“Distant Star”, Spielbergs
From This Is Not the End (2019, By the Time It Gets Dark)

Norway’s Spielbergs burst onto the scene (well, my personal scene) around this time with the really exciting This Is Not the End, which I thoroughly enjoyed, but I kind of lost track of them after that. Looks like they made an EP in late 2019, I think I listened to it once or twice and it didn’t stick with me the same way. Perhaps I should go back to it. “Distant Star”, though, is just a perfectly executed indie rock-punk intersection—I still regularly catch the chorus in my head, which is strong enough to enter the lyrics into the pantheon of great songs built around “We could be…”

“Knuckles the Dog Who Helps People”, Killdozer
From Uncompromising War on Art Under the Dictatorship of the Proletariat (1994, Touch and Go)

2019 was the year I was fully baptized into the church of Killdozer. I remember hearing or reading someone (who I, unfortunately, can’t remember) say about them “They’re funny, but they’re not joking”, and this, their signature song, is probably as good an exemplar as any of this. Fitting their sludge into a classic ascending chord progression and adding triumphant guitar solos turns this into the Killdozer version of cheese, but no amount of smirk-worthy lines prevents “Knuckles the Dog Who Helps People” from being a rousing and somehow even a little bit touching sing-a-long. Should note that there is some non-subtle ableism in this song—for the purposes of parodying schlock and inspiration porn rather than punching down, to be sure, but regardless of intent I’m sure it hits different for different folks.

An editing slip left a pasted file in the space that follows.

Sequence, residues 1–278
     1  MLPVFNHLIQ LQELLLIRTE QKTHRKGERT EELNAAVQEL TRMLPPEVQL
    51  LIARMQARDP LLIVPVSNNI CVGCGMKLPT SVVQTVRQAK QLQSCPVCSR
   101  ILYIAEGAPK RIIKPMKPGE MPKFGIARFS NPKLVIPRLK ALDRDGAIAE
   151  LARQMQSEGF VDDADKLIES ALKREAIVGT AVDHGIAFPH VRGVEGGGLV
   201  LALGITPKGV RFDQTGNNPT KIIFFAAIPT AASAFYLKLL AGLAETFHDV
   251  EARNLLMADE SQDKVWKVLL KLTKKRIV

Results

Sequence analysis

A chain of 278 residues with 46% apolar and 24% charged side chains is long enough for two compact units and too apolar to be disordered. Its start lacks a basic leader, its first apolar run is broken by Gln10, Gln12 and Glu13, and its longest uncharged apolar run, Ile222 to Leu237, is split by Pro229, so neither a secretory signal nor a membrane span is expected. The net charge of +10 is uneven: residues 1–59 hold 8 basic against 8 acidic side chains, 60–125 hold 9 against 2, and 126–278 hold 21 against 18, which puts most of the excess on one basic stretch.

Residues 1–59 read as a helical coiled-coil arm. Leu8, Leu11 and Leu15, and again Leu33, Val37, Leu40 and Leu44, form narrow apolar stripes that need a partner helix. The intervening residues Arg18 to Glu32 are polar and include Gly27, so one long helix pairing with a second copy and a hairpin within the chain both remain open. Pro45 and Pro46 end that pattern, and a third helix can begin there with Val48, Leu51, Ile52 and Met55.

“Caring Is Creepy”, The Shins
From Oh, Inverted World (2001, Sub Pop)

The Shins get lumped in with the 2000s indie folk rock boom (you can thank Zach Braff and that perfectly fine song I don’t really need to hear ever again for that) but they really hew closer to styles more my speed than your average cool-soundtrack-stuffer. They were a sincere guitar pop band that were in the right place with the right slant at the right time, which rarely happens. I’ve called them, and in particular Oh, Inverted World, “chill XTC” on multiple occasions (XTC, despite not being on this playlist, will still be mentioned here later on). Despite this I’d never given them a full listen until around the time this playlist was made. As I expected, it was pretty good, and “Caring Is Creepy” is the kind of lilting new wave that in a more just world would’ve been their breakout. I mean, they still did alright for themselves.

“Pumpkin Attack on Mommy and Daddy”, Xiu Xiu
From Girl with Basket of Fruit (2019, Polyvinyl)